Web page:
Operations

The Why & When of Ventilation

Issue 5 and Volume 7.

When it comes to job functions, ladder companies have historically been tasked with ventilation as their bread and butter function. In ventilation training, a significant amount of time is spent on how to cut a ventilation hole, where to place the hole and what type of ventilation can be accomplished on any given fire. Although these are all extremely important things to know and train on, this article is going to focus on the two questions the younger generation is notorious for asking: when and why.

Ventilation Defined
We’ve all heard the basic definition of ventilation: “the systematic removal or heat, smoke and fire gases from a structure” with the associated benefits of victim survivability, increased visibility, reducing fire spread, etc. This is an extremely important description, as it gives us a solid understanding of this absolutely vital, and often overlooked, aspect of firefighting. With this in mind, let’s move to the “why” aspect of ventilation.

Why Do We Ventilate?
Simply put, we ventilate fire to improve interior conditions and to reduce the chances of getting people (citizens and firefighters) hurt or killed. The most severe event we face from fire is flashover, and ventilation needs to be a priority to reduce the likelihood of this occurring. Another benefit to ventilating: increased visibility, which allows interior crews to perform a rapid search and reduces the chances of crews becoming lost or disoriented.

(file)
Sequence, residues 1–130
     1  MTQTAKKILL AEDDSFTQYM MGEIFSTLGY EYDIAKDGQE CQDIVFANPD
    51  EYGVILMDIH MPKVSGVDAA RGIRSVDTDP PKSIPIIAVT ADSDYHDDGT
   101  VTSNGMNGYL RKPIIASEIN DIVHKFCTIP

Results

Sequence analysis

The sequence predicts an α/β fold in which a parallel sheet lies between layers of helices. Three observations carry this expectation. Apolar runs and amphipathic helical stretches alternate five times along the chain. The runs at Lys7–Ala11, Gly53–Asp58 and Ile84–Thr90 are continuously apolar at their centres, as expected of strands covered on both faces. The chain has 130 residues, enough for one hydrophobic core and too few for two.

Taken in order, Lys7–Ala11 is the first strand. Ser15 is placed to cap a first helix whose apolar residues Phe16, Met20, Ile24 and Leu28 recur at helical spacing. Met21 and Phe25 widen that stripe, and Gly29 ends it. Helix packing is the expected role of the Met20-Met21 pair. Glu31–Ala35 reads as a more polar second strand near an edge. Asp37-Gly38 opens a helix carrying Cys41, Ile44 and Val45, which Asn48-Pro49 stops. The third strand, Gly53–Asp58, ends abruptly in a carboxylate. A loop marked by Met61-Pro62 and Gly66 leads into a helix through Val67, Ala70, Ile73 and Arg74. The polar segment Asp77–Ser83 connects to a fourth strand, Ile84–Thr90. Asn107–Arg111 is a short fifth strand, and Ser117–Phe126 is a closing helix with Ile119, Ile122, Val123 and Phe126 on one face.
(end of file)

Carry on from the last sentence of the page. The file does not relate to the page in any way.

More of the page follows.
The materials burning inside structures these days are producing more energy and reaching temperature extremes faster than ever before (Note: Fires are not burning hotter; they’re producing more energy and reaching peak temperatures at a faster rate.), and for us, that means that we can easily expect flashover conditions to build in the time it takes the fire to get reported and dispatched to the time we arrive on scene and start working. Further, whether performing engine or ladder work, each function takes time to set up (pulling handlines, throwing ground ladders, etc.). During this set-up time, fire conditions continue to grow rapidly and may ultimately create a different operational scenario for crews. With that in mind, it’s important to constantly reassess fire conditions and adjust tactics accordingly.

I’ve found that one of the best ways to understand the need for ventilation is to spend some time reading NIOSH firefighter fatality reports (www.cdc.gov/niosh/fire). In many of the reports, inadequate (or non-existent) ventilation was a contributing factor that resulted in the loss of a firefighter. Other reports that point to near misses cite poor or no ventilation as a factor.

When Should We Begin Ventilation?
Ventilation should be considered prior to fire crews operating inside a structure. Because not all fires (or buildings for that matter) are created equally, we should not necessarily hold back fire attack operations until a hole is cut; however, fire growth should be on everyone’s mind. Ventilation is too often an afterthought, only brought up when an interior company is driven to the ground from high heat and low visibility—and then frantically requested.